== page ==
So after the kayak melee in Morro Bay, it was time for Stephen Chiang, the photographer I was assisting, and I to drive up north to San Francisco for the job the next morning. Put two photographers in a car, give them the choice between A. a straight and direct, but boring route, and B. a windy, curvy, 2-hours-longer scenic route through Big Sur, and, well, you can guess which one they’re going to choose 11 times out of 10. So up the curvy Pacific Coast Highway we went, absolutely one of the most beautiful and scenic drives in the country. As we made our way through Cayucos, then Cambria, we stopped for lunch before PCH opened up along the Pacific Ocean for good from the lowlands of San Simeon (best known for Hearst Castle), all the way up the jagged picture-perfect sparsely populated Central California coastline to and through the majesty that is Big Sur. We pulled over and admired for a while, excited at the fact that just 24 hours from now, we’ll be back here to spend the rest of the week making the tough decisions of frolicking around the grand vistas overlooking the Pacific, or splashing around in this, the largest of the world’s 5 oceans.
But first, we had the task of finding dinner and a place to rest our heads for the night in San Francisco for the job in the morning, so we crossed over the famous Bixby bridge, rolled past Monterey and Carmel, made a pit stop in San Jose for my first experience with Yakitori at Gaku Yakitori in San Jose (I ate sea urchin!!! Anthony Bourdain would be proud!). There we used Airbnb.com, found ourselves a place to stay for the night, so after dinner, rolled into San Francisco around midnight. We woke up the next morning to fresh coffee from our host, who just so happened to be the photo editor for Via Magazine, an edition of the Automobile Club publications covering the western states, so, well, naturally, we all immediately clicked. (BTW kind Airbnb host, if you’re reading this, I have a feeling you’ll be hearing from us…)
The work day went suspiciously smoothly. It was a corporate headshot job, and we were in by 10am, out by 3pm. We didn’t even bother to stay in the city, opting to immediately get out, back along the coast, stopped in Pacifica at a roadside fresh produce stand for some snacks and supplies, and proceeded on down to Big Sur, where we were to meet my cousin, my aunt, and the family for dinner at Andrew Molera State Beach campground, our home for the next few days.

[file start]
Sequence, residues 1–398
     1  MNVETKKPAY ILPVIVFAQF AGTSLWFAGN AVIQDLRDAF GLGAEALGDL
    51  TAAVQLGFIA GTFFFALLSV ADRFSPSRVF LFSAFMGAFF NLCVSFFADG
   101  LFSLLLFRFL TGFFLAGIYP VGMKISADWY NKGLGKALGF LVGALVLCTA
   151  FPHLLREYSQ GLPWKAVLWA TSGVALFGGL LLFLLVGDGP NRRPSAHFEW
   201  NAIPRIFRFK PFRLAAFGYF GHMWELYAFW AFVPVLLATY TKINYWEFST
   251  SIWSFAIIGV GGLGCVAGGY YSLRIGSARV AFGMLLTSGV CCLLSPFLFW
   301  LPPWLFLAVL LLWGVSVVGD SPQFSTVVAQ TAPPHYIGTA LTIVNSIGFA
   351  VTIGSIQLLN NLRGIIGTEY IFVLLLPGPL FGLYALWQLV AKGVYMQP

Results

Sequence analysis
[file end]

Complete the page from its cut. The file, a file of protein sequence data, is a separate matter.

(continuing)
Luck would so have it (yes, all luck, no planning or rushing to break down the equipment and get out of the city by a certain hour of course), that we made it back to the infamous Bixby Bridge in time to find a few vantage points to get some solid sunset shots. What are the chances?
We pulled along the side of the road at Rocky Point Restaurant, managed to get a few good shots and angles, not a difficult task in a location like this, but something still told us that we should continue on. So we did, and about a mile further down the PCH, we found a small turnout to park alongside what seemed to be a candidate for a perfect overlook. We took a trail along the bluff (extremely careful to avoid the poison oak that seemed to be in full bloom), which ended at the edge of an abandoned property that we didn’t realize until we were already on it. The boarded up house and remains of an old firepit gave it away. But when we turned around, there was no way we were backing off right away.
We spent the next 15 to 20 minutes capturing the last rays of sunlight over the Pacific and shining onto the coastline hugging the Bixby Bridge, turned towards each other with a knowing “that’s why we do this” smile, and walked back to the car.
We finally pulled up to Andrew Molera State Park, hiked through a 1/2 mile tree canopy into our campsite where the rest of the family was waiting, burgers already grilling, beers already poppin,’ and hence began our stay in Big Sur.
And if you missed it, here's Part 1: Morro Bay
And for more of my madness, including additional images and edits from this very trip: